Joe Frazier 1944-2011 - So Long HeroWritten by Lee Cleveland
Several days ago FightSaga reported the former heavyweight champ was battling liver cancer and in poor condition. Sadly, he lost that battle yesterday. Joe Frazier was 67.
Joseph William "Joe" Frazier, known as Smokin' Joe, was born in South Carolina to the son of a sharecropper, January 12, 1944. After initially visiting the boxing gym to get in shape, young Frazier would eventually compete and become one of the best amateur heavyweights in the nation.
When top amateur heavyweight Buster Mathis, who had defeated Frazier in the Olympic trials, suffered a hand injury and was unable to compete in the 1964 Olympics, Frazier replaced him and won a gold medal.
Frazier emerged as the top contender in the late 1960s, defeating the likes of Jerry Quarry, Oscar Bonavena, Buster Mathis, Eddie Machen, Doug Jones, George Chuvalo and Jimmy Ellis en route to becoming undisputed heavyweight champion in 1970.
Fight of the Century
On March 8, 1971, then heavyweight champion Joe Frazier reached the pinnacle of his career by defeating Muhammad Ali in the highly-anticipated "Fight of the Century." Each fighter was paid a mind-blowing purse (for the time) of $2.5 million USD. The build-up to the fight was like none other as the eyes of the entire world were fixated on the event.
The fight itself became something of a symbol of the United States. Leading up to the fight, Ali (who had denounced the Vietnam War) had refused induction into the U.S. Army in 1967, leading to him being stripped of his title and barred from fighting for three years. Ali became a symbol of the anti-establishment movement, while Frazier became a symbol of the conservative, pro-war movement, despite not vocalizing his political beliefs at the time.
After a bruising battle, Frazier retained the title with a unanimous decision, dealing Ali his first professional loss. It was rumored Frazier was so badly hurt after the fight, he was on the verge of a stroke in the hours proceeding it. Ironically, Joe Frazier - the winner - would never be the same after his first encounter with Ali.
Second Half of His Career
Two years following the "Thrilla in Manila," Frazier lost his title when he was knocked out by George Foreman in 1973. He fought on though, beating Joe Bugner but losing a rematch to Ali in 1975 in a fight dubbed the "Thrilla in Manila" - which is considered by boxing historians to be one of the greatest heavyweight title fights ever and was the third and final bout of their famous trilogy.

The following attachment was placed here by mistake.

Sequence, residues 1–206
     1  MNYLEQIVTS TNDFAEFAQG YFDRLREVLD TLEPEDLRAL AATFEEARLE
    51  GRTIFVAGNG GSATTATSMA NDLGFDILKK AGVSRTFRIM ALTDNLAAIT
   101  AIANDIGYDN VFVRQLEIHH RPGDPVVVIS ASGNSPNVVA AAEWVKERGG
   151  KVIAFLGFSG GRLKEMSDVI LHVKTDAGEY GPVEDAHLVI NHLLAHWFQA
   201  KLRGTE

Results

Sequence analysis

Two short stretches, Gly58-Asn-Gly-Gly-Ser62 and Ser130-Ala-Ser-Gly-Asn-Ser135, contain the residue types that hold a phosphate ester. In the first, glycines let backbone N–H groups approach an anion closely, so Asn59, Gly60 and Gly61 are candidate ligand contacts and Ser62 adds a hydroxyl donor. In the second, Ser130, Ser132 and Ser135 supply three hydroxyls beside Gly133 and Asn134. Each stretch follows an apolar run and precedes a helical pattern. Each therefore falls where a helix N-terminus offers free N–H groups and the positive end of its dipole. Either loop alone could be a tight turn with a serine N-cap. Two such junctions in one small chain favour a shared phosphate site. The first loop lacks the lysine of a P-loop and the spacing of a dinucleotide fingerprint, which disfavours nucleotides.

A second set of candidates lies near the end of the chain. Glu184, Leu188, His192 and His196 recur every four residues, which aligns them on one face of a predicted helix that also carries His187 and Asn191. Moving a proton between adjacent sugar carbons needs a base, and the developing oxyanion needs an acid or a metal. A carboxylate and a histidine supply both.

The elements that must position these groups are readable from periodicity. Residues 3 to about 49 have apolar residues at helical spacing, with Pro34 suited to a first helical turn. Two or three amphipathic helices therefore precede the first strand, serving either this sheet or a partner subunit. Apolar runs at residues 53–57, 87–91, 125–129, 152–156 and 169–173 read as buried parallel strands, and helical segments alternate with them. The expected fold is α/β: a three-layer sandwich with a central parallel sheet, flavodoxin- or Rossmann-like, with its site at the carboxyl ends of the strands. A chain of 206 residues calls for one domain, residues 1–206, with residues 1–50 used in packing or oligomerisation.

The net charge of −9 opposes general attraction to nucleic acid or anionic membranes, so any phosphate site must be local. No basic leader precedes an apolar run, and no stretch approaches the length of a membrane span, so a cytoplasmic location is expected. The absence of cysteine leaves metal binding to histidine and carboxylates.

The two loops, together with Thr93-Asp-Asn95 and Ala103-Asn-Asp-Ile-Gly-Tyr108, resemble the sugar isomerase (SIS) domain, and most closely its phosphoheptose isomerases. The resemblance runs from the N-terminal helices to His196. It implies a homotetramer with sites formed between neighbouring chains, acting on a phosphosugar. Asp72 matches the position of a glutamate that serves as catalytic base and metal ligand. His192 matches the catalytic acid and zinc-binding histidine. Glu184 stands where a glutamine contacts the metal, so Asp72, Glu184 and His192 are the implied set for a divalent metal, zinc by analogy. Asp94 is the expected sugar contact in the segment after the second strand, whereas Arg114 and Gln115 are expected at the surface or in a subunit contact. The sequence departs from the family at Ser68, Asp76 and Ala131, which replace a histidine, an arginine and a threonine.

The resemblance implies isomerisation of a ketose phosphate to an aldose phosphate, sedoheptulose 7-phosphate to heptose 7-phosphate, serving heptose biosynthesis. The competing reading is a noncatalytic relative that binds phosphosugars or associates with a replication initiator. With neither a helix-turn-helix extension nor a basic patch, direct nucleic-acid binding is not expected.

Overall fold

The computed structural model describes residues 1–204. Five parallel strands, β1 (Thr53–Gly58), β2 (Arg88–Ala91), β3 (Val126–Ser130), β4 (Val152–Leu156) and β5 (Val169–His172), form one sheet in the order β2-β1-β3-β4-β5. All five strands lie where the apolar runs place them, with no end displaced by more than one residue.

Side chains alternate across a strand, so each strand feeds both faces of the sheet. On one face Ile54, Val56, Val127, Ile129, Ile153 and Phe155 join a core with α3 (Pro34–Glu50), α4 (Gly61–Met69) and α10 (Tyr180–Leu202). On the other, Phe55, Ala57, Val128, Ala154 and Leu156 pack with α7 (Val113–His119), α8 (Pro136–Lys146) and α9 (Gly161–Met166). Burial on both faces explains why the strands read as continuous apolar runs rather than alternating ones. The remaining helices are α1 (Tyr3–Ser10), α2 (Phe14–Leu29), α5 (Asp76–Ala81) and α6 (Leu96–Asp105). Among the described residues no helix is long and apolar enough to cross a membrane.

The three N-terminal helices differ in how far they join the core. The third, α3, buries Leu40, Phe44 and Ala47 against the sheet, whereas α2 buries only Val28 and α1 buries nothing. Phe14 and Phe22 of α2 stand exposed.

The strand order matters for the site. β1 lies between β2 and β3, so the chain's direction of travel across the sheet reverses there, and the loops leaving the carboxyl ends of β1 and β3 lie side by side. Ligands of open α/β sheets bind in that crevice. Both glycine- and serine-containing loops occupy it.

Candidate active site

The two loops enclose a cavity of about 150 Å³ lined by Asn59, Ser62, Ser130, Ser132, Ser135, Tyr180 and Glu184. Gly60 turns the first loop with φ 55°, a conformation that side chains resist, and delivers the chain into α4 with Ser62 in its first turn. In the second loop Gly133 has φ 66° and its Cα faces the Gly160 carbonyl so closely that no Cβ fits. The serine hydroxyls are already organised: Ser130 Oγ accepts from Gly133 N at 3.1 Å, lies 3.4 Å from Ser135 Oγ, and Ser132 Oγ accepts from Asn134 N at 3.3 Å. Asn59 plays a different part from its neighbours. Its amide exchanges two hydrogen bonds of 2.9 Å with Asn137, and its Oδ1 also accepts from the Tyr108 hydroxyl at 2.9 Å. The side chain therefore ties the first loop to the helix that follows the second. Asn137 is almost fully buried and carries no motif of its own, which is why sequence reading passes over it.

He retired in 1976 following his second loss to Foreman. Frazier made a comeback in 1981, fighting just once, before retiring for good.
Smokin' Joe made a cameo appearance in the first Rocky movie and its rumored some of the most memorable moments in the film, such as Rocky's carcass-punching scenes and Rocky running up the steps of the Philadelphia Museum of Art were are taken from Joe's real-life training regimen.
Frazier operated "Joe Frazier's Gym" in Philadelphia, Pennsylvania which opened in 1968. Several notable fighters fighters trained there and received tutledge from Joe, including Vaughn Bean, Tyrell Biggs, Bert Cooper, Marvis Frazier, Willie Monroe, James Shuler, and Meldrick Taylor. The gym closed in 2008.
Known for his pulverizing left-hook in the ring and his humble and gentlemanly persona outside it, Frazier retired with a record of 32-4, 27 KOs and was inducted to the International Boxing Hall of Fame in 1990.
Smokin' Joe brought class and integrity to boxing.
Sources: Wikipedia 1, 2 2
Lee is Managing Editor of FightSaga.com, a student of the Sweet Science and longtime boxing fan.
A gym rat in the 1990s, Lee was trained by 1976 Olympic Silver Medalist Charles Mooney and several retired seasoned pros. He was also a sparring partner for former WBA Super Middleweight Champion Steve Little who upset Michael Nunn for the WBA Super Middleweight Title in '94.
Lee created FightSaga.com to honor and preserve boxing's rich heritage, chronicle the achievements of top fighters, celebrate the legacy of big fights and provide a fun, educational experience for fight fans.